|Martial Arts Essay||All martial artists are or should be concerned with the reputation of skill and knowledge in martial arts.|
|Martial Arts essay, term papers, research paper||Although many people who are unfamiliar with taekwondo believe it to be a blood-thirsty and violent sport, those who are involved in taekwondo know that it is more than a sport, but an art and a way of life which teaches non-violence and a strict code of moral conduct. Each had distinctly different military styles owing to the differences in their lifestyles and beliefs.|
|Martial Arts Essay||Everyday life has become increasingly convenient, and many dangers are now absent—people have less need to be brave in the face of external adversity. Modern humans has become less mobile and even slack.|
|Martial Arts Essays||Some people may wonder why I do.|
All martial artists are or should be concerned with the reputation of skill and knowledge in martial arts. Whether or not our training and education in martial arts is correct and legitimate is very important in our self-respect and in achieving our goals.
I am a 4th Dan Black Belt with over 18 years experience in martial arts. I have taught martial arts for over 14 years to all ages in classes from 1 to students.
I have competed in scores of tournaments of all types and sizes including winning the Bronze medal in the National USTU championships.
I have won my share and of course lost my share as well. I am also an Associate Professor of Education in a large university system in curriculum and instruction.
I teach teachers to teach. I have taught for many years in a variety of situations and to a large variety of learning styles. My research and study in education has brought insight into how students learn as well as how teachers should teach.
It is my combined experience in education and martial arts which has caused me to consider how martial arts education can progress and improve. Martial arts often lacks the respect commonly given to other activities in the arts such as ballet or learning a difficult instrument.
Likewise, martial arts education seems to lack the respect regularly found in education as a whole. This may be part of a serious problem in martial arts education. Throughout my experiences as a college professor including five prior years of public school teaching it has become clear to me that martial arts education is not viewed by a great many people as an actual "education" but more as an informal and haphazard series of unstructured lessons.
Whether or not this point of view is fair and accurate is an important issue but, in any event, the fact that people hold such views is, in itself, damaging to martial arts as a whole.
Every student must surely suffer to some degree, must be limited in some way, by the very existence of this disrespect. Admittedly, such impressions are difficult to put into words.
But the perspective of experienced educators that martial arts education is somehow unworthy of respect as a well founded institution of learning is not just impression. If their point of view is justified then it is certainly a serious limitation for martial artists everywhere which should be examined more closely.
I would like to begin by looking at an attitude of many schools and instructors of martial arts about their own reputations as a key element of proper instruction. Why do students stay with a particular school or instructor once training has begun?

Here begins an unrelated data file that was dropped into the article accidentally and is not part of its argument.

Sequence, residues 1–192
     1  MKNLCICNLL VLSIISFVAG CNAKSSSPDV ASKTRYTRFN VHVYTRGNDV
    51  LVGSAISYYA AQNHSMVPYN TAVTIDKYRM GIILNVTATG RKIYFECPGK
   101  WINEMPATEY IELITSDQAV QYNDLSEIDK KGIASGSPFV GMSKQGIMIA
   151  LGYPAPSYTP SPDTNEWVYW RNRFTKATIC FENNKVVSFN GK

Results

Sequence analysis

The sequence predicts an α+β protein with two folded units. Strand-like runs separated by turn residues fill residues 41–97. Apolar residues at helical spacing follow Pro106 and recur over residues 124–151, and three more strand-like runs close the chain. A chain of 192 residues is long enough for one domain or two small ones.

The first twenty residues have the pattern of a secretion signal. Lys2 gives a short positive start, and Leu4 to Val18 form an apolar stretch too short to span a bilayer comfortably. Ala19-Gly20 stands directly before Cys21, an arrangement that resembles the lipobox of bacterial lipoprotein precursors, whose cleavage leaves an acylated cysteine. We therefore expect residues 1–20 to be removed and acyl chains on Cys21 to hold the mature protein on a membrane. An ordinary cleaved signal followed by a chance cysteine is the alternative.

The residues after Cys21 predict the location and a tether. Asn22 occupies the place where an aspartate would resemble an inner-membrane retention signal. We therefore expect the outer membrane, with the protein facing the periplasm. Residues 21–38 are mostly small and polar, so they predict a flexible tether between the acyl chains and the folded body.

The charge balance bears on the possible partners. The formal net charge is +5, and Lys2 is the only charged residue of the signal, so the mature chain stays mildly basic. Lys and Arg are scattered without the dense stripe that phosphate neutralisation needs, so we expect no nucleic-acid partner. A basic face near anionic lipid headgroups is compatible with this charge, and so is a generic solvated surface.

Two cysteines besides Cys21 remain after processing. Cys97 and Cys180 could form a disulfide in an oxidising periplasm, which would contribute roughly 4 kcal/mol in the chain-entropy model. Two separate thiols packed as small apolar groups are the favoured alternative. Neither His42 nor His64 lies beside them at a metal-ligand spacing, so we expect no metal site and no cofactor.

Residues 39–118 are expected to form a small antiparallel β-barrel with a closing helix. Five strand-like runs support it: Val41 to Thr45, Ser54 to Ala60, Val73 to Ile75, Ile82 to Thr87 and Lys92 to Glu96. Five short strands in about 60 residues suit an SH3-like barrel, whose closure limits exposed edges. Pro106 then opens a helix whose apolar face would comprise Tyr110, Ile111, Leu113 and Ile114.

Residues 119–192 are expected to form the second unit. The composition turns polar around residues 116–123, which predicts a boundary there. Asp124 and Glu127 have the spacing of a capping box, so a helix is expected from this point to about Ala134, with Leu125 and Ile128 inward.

There are a variety of possible answers to these questions. The most common answer from chief instructors and masters seems to be their reputation.
That is, that customers seek out the reputation of their own expertise and accomplishments as well as the reputation of their martial arts system and school s in particular.
They seem to have an inflated view of their style of martial arts, and their personal expertise as the only reasonable choice for any worthwhile endeavor. Certainly a great many things may explain why students select or remain in a particular school.The Martial Arts of JapanThe martial arts have influenced Japan in many ways.
Many of these arts have been passed down from ancient times and are still even practiced today. In my report, I will examine the major Japanese arts and tell how they have influenced Japan. My experience has witnessed priorities like the guarding of "company secrets" over the free sharing of methods and techniques, the avoidance of other martial arts systems rather than the free exploration and interaction with fellow martial artists, and more.
martial arts essaysWhen people hear the term martial arts, some will think of karate, some will think of kung fu, and some may even think of tae kwon do. The main thing all these types of martial arts have in common is that they are all a style of fighting.
A martial art is defined as any various. A persuasive essay is defined as a type of an essay wherein a writer explains a topic and attempts to persuade a reader that his/her point of view is most informed, accurate, and .
Critical Essay on Martial Arts Education. This may be part of a serious problem in martial arts education. Throughout my experiences as a college professor including five prior years of public school teaching it has become clear to me that martial arts education is not viewed by a great many people as an actual "education" but more as an.
Studying martial arts is a journey of a lifetime (read my taekwondo essay). Such is the reason why I still study martial arts.
Such is the reason why I still study martial arts. There is so much depth of knowledge waiting to be uncovered in martial arts that will likely take more than a lifetime to study and learn.